In October of 2002, 1Call went live at the QEII. Prior to that date Bouchie, with a team of five, spent five months organizing and programming the relevant data into the system. Initially, the transition was tough. One of the biggest challenges was the resistance of the switchboard operators to embrace the new system, but 98% of the staff successfully made the transition to 1Call.
The system has improved efficiency notably. With the old paper-driven system, only one operator could be trained at a time in a process that took four months; now two call centre attendants- or locators, as they are also called-can be instructed simultaneously in just five weeks. Each of the 12 call centre locator positions conducts all functions through the PC; answering, dialing, paging, messaging and call recording.
Although the QEII has been using 1Call for eleven months, they are not yet using it to its fullest capability; however, its accuracy rate is significantly higher than the old paper system's rate of 95 percent. Jeans hopes to reach maximum effectiveness in 2004. A year after that, he expects to have received a full payback in operating-cost expenses followed by long-term savings while offering several new or improved messaging/information movement services supporting the Nova Scotia medical community.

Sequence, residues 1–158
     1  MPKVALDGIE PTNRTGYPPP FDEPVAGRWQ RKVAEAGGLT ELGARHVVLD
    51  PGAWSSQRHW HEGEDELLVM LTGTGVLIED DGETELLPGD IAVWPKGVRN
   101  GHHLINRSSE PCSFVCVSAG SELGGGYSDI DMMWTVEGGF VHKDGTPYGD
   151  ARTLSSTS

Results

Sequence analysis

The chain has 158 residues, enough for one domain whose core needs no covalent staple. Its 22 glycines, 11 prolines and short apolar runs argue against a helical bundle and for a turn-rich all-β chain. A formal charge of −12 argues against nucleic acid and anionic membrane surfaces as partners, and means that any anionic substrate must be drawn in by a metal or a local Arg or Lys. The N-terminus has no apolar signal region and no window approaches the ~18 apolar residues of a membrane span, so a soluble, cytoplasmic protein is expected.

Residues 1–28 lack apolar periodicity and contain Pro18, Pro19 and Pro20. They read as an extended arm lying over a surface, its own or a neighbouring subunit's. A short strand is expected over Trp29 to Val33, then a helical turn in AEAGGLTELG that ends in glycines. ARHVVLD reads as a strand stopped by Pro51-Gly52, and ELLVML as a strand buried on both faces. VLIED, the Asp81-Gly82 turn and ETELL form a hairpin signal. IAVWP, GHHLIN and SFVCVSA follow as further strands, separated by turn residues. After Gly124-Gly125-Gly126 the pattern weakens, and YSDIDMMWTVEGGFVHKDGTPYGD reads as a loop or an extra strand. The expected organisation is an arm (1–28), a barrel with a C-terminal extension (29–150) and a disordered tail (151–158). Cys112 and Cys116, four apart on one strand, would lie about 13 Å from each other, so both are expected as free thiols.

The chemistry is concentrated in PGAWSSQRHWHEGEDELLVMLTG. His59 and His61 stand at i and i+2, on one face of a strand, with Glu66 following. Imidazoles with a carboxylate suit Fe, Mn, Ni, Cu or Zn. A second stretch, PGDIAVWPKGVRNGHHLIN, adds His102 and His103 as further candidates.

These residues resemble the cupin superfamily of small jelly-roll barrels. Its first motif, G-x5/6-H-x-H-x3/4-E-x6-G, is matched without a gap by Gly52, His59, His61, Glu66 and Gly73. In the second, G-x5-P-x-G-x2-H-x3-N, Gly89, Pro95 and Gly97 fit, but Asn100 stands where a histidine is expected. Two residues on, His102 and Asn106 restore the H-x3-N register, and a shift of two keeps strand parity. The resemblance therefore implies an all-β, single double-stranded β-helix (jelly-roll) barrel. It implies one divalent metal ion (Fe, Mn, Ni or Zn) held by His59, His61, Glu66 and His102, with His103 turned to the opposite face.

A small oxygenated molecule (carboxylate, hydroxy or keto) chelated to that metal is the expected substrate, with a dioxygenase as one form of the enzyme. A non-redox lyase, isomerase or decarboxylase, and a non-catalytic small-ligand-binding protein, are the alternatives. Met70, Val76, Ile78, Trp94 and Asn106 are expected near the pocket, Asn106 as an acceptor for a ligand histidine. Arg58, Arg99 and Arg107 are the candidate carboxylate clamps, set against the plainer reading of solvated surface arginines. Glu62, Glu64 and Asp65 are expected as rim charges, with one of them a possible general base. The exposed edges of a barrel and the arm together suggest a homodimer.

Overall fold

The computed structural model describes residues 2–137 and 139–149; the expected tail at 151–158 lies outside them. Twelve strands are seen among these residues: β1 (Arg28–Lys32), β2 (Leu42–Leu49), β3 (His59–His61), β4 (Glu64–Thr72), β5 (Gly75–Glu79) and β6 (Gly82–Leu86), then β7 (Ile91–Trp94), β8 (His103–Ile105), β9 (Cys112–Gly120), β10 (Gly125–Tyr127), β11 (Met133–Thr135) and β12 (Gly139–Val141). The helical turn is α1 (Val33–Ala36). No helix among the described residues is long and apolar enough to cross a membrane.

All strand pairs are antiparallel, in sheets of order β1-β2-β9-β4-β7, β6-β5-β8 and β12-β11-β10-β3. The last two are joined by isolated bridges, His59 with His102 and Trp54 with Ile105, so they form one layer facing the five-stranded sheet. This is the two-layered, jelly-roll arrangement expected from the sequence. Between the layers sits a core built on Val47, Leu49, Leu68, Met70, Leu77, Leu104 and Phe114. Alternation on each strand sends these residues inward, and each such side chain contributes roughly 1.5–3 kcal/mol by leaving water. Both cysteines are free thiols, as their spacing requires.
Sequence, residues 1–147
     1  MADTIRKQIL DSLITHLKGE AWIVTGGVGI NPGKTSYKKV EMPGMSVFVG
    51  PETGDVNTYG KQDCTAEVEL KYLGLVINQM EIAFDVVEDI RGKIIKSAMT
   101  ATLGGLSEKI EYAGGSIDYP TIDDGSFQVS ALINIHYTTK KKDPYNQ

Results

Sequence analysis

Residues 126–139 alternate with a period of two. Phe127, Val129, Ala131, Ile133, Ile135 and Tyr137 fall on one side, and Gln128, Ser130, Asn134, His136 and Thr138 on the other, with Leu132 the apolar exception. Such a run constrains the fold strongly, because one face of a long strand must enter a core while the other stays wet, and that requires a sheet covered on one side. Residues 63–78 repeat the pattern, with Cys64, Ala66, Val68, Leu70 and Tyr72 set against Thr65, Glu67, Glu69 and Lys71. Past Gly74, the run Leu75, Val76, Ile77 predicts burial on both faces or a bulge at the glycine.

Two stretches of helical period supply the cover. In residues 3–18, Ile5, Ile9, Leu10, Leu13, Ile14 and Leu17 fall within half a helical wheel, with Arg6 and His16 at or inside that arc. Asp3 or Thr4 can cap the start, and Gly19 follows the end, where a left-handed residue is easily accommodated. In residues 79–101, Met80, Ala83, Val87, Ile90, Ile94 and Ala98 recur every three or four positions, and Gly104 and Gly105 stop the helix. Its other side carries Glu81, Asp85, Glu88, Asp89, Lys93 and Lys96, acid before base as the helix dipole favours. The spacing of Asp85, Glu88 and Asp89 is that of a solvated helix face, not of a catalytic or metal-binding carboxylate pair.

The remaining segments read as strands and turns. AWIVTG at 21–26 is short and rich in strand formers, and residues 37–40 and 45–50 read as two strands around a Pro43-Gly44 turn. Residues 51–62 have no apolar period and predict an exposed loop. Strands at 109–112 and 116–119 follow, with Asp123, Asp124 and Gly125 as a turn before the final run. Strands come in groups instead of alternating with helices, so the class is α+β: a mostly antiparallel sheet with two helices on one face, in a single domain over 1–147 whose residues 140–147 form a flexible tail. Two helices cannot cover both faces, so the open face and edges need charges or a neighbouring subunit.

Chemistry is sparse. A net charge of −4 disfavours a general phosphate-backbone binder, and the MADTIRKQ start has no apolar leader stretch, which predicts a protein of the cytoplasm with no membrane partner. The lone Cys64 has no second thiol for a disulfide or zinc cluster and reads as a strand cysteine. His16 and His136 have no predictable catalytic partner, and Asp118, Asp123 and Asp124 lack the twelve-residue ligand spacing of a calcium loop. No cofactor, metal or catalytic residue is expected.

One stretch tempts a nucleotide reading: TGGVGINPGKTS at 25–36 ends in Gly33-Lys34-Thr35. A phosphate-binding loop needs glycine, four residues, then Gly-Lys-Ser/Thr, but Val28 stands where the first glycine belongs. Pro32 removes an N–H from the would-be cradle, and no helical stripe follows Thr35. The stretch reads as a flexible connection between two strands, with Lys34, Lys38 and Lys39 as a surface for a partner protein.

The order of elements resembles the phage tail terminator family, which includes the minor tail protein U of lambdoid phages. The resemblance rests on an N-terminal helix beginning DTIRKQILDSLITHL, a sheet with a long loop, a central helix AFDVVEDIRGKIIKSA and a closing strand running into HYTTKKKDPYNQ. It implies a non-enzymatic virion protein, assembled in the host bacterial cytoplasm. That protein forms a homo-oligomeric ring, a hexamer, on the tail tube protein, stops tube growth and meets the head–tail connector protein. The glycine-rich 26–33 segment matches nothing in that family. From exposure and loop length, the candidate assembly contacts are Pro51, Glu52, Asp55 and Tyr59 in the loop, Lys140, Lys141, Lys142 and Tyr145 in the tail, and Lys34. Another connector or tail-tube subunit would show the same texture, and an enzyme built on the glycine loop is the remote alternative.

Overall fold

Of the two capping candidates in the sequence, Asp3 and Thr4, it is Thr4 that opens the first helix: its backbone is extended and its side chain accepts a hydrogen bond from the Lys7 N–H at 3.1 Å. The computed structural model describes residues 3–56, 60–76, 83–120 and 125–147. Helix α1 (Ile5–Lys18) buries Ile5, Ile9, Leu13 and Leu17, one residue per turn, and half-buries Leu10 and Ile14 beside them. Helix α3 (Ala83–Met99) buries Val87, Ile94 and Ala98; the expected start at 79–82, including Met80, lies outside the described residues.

Another advantage the system offers is accountability. Since every call that comes in is recorded and monitored, when something goes wrong, it is possible to trace backward in the system to reveal the error. For instance, the QEII's communications centre acts as an internal 911 system, receiving and processing a wide variety of emergency response codes, for such things as fires, chemical spills, external disaster and patient distress. The system prioritizes all emergency calls, overriding any less urgent calls.
Any of the average 6,000 daily incoming calls the locators can be thoroughly investigated. Administrators find out who called who answered the call and at what time, and what keystrokes were made in the process. This can identify whether a problem was a communications error or the result of something else, like a pager that wasn't working.
While there have been some kinks in the system to iron out, the QEII's communications team hasn't been left to deal with them alone. In the beginning Amtelco's field-service technicians were called on regularly, but now only occasionally. Jeans is also impressed with the service the company provides. He cites a hardware problem that was discovered 10 months after commissioning1Call. Amtelco sent a technician to fix the problem, armed with all new system hardware-at its own expense.
Now that the system has been operating for a year, QEII staffers wonder how they ever managed without it. The operators initially resisted implementing 1Call. Now they believe a hospital even half the size of the QEII could not work efficiently without this tool.
This sponsored feature supported by 1Call/Amtelco